Economy of Bulgaria

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The economy of Bulgaria is an industrialised, open free market economy with a moderately advanced private sector and a number of strategic state-owned enterprises. Bulgaria is classified as an upper-middle-income country by the World Bank with a gross national income per capita of US$ 5,490 in 2008.[6] [7] The country is expected to join the Eurozone in 2013.

The economy declined dramatically during the 1990s with the collapse of the COMECON system and the loss of the Soviet market, to which the country had been closely tied. The standard of living fell by about 40%, and only regained pre-1989 levels by June 2004. In addition, UN sanctions against Serbia (1992–95) and Iraq took a heavy toll on the Bulgarian economy. The first signs of recovery emerged when GDP grew 1.4% in 1994 for the first time since 1988, and 2.5% in 1995. Inflation, which surged in 1994 to 122%, fell to 32.9% in 1995. During 1996, however, the economy collapsed due to an unstable and decentralised banking system, a wave of hyperinflation throughout several countries of Eastern Europe, and slow reforms, which led to an inflation rate of 311% and the collapse of the lev. When pro-reform forces came into power in the spring 1997, an ambitious economic reform package, including introduction of a currency board regime, was agreed to with the IMF and the World Bank, and the economy began to stabilise. The 2000s saw a steady pace of growth and budget surpluses, but shaky inflation.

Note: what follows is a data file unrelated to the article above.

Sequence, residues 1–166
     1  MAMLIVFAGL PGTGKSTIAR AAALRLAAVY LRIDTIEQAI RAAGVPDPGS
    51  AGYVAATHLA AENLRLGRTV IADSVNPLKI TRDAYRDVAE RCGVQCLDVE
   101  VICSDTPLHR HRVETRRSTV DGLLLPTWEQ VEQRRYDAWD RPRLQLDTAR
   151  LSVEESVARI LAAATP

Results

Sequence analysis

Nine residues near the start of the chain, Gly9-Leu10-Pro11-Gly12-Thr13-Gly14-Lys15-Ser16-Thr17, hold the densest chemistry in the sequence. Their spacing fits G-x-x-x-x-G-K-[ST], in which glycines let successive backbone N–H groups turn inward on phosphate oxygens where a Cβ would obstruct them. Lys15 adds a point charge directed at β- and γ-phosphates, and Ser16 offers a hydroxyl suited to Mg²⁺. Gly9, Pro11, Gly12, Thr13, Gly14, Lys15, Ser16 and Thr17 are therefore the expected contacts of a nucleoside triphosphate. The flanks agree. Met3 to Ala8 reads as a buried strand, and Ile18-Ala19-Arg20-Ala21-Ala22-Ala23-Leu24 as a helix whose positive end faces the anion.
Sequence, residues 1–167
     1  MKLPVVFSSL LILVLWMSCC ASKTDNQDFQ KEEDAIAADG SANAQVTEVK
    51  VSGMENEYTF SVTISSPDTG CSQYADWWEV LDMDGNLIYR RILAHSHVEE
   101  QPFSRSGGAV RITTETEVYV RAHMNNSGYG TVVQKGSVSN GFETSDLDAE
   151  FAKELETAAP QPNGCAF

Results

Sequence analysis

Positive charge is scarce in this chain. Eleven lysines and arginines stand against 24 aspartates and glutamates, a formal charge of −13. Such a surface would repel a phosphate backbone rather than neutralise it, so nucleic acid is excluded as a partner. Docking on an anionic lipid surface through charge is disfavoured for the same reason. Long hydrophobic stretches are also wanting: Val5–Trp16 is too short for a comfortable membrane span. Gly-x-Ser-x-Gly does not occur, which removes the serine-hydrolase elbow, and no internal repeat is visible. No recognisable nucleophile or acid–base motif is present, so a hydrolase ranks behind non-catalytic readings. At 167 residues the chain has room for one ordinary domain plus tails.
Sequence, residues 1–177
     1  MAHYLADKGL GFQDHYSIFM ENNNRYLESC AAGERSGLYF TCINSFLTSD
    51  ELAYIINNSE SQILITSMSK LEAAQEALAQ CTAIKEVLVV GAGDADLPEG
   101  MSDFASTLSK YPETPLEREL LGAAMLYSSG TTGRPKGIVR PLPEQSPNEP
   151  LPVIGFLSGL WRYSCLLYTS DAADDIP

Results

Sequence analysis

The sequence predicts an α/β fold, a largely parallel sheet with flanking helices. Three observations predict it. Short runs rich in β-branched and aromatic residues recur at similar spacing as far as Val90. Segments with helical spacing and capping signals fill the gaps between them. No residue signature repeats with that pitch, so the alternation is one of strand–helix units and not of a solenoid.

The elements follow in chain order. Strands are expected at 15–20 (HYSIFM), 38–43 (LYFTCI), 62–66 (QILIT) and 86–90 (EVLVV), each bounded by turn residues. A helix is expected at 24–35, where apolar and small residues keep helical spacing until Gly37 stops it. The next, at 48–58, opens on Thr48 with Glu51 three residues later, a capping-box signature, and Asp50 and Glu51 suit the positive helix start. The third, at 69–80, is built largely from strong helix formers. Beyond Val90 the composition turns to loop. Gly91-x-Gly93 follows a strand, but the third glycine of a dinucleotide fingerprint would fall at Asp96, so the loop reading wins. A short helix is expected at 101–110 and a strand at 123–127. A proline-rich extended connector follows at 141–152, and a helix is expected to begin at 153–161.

As of 2010 the country is suffering from the results of the world financial crisis. That comes after a period of large trade deficits and real estate investment. Future prospects are tied to the country's increasingly important integration with the European Union member states. The country is expected to join the Eurozone in 2013.

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